History Lesson: League City's Name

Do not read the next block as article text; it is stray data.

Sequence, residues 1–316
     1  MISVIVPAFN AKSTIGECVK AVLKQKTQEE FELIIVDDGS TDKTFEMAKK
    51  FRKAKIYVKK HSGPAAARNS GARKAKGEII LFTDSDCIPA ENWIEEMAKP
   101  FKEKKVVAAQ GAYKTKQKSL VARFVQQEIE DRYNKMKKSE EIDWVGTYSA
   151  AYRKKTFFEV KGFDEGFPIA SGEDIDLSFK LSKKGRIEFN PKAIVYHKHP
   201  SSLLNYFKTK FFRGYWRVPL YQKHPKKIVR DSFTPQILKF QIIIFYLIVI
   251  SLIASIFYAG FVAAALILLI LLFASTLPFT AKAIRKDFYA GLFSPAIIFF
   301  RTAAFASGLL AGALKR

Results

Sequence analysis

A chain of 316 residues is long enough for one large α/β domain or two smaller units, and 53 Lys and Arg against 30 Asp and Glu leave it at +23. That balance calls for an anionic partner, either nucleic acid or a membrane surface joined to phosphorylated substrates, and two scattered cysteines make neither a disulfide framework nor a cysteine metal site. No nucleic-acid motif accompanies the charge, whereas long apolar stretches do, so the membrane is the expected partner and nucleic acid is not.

Aided by the railroads, the cattle industry thrived in North GalvestonCounty throughout the post-war decades. George Washington Butler in particular became a highly respected and influential stock breeder. Eventually owning 2,000 acres of rich grazing land, Butler specialized in the breeding of Brahman cattle which he imported to New Orleans and then drove overland to what is now League City. In 1872, Butler purchased a thirty-acre tract of land from Colonel Henry B. Andrews, an investor of the Galveston, Houston and Henderson Railroad and owner of the local brickyard. The Butler Ranch and Cattle Station, located on the south side of Clear Creek, quickly became a passenger and mail-pick-up and drop-off point on the railroad. Today, Helen’s Garden, a beautiful League City landmark, occupies a portion of that property. Butler’s increasing prominence and business success is reflected in a variety of community endeavors. Butler was elected a Galveston County Commissioner, a post he held for the next eight years, and also served as Post Master for the community. During the early 1890’s, Butler convinced the wealthy Galveston financier, John Charles League to purchase land on the east side of the Galveston, Houston and Henderson Railroad located in the Muldoon and Stephen F. Austin survey, and plat a town. The original lots measured 50-by-140 feet, sold for $50 per lot. In 1893, League, with the support of local congressman and close friend, Miles Crowley, renamed the town from the original “Clear Creek” to “League City”. This gesture met considerable derision among local residents living on the west side of the railroad tracks. By 1896, the local post office had become the focal point of a “feud” as the residents of Clear Creek and the new League City competed for the town’s name. For the next six years, depending upon which party held the political upper hand, the local post office building (with G. W. Butler at the helm) moved back and forth across the railroad tracks. The League City advocates eventually won the fight, and Butler’s Ranch, the community of Clear Creek on the west side of the railroad, and J. C. League’s new town merged to become League City.